Bloodshed Leaves Iraqi Town in Opposition to US Occupation
By The Associated Press
The New York Times
Thursday 15 May 2003
FALLUJAH, Iraq (AP) -- Two weeks after the last confrontation here with U.S. troops, some residents still want the Americans out -- and the Americans say they have no plans to go.
Convoys of Humvees file slowly down the main boulevard, with gunners scanning the marketplaces. Iraqis scowl as they drive by, but do little else.
"The tension is really starting to ease up," said Staff Sgt. Steven Story, 40, of Clinton, Ark. "We still get some gestures that are not so polite, but for the most part people are happy to see us here."
Story is part of a U.S. military police contingent based in Fallujah, where protests against the Army's presence turned violent last month. U.S. soldiers fired on crowds on April 28 and April 30, killing 18 Iraqis and wounding at least 78.
The soldiers said they were defending themselves and that members of the crowd fired first, but Iraqis said no shots were fired at the Americans. No Americans were wounded by gunfire.
Hours after the second shooting, unidentified attackers lobbed two grenades into the U.S. compound, wounding seven soldiers.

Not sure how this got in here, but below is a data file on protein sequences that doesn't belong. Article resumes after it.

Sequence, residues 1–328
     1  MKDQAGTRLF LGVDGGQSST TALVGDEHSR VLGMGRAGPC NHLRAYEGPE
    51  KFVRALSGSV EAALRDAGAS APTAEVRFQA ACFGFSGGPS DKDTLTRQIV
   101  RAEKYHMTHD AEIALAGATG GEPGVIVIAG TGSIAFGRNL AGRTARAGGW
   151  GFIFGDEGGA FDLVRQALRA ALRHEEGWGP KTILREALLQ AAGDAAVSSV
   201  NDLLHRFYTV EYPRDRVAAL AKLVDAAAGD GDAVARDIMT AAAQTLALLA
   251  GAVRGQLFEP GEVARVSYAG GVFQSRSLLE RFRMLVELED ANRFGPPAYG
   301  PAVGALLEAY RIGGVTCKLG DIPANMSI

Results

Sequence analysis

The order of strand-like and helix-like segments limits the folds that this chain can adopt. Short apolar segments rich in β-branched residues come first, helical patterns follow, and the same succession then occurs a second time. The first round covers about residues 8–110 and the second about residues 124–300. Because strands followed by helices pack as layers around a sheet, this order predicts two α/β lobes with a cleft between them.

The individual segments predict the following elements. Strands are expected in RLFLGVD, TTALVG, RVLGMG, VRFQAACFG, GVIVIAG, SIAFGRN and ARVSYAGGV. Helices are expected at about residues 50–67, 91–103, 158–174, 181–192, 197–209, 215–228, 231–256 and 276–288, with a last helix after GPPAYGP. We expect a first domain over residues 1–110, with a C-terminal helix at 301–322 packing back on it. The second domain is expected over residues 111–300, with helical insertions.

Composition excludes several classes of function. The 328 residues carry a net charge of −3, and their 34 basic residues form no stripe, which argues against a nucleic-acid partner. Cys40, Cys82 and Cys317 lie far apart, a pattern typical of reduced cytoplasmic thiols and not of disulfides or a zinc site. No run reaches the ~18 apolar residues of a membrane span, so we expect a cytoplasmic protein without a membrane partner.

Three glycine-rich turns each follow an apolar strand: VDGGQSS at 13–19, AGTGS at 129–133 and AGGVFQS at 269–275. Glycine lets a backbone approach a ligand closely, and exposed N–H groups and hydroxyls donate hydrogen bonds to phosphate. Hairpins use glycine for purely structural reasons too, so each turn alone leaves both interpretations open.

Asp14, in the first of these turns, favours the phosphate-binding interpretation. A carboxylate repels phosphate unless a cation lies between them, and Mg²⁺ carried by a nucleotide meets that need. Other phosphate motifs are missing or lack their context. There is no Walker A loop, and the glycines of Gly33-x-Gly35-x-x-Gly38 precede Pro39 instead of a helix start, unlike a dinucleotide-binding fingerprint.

At the time, many residents of Fallujah, 30 miles west of Baghdad, complained the Americans were not respecting Muslim religious customs, and many men said the troops were ogling local women. Those complaints persist.
"We are religious people," said Karim Kadhem, 42, a government worker. "We suspect the Americans are wearing glasses that let them see under women's clothes."
But Mayor Taha Bedaiwi al-Alwani said the Americans have become better at respecting local customs.
"Our relationship is getting better, because of the mutual understanding between the Americans and the people of Fallujah, and the Americans' acceptance of the city's conservative religious beliefs," he said.
He said people also appreciate the free gasoline distributed by the Americans, and have grown to understand that there will be no security in the streets without the military presence. He blamed last month's trouble on supporters of the former government of Saddam Hussein.
Some in Fallujah still bristle at the U.S. presence.
Graffiti on the wall of the 28th of April School -- named for Saddam's birthday -- urged residents to rise up.
"Defend yourselves. Defend your honor," it said. "Your pride was lost, and it will not be restored until you wage holy war. What are you waiting for? Until the Americans enter your houses and see your women?"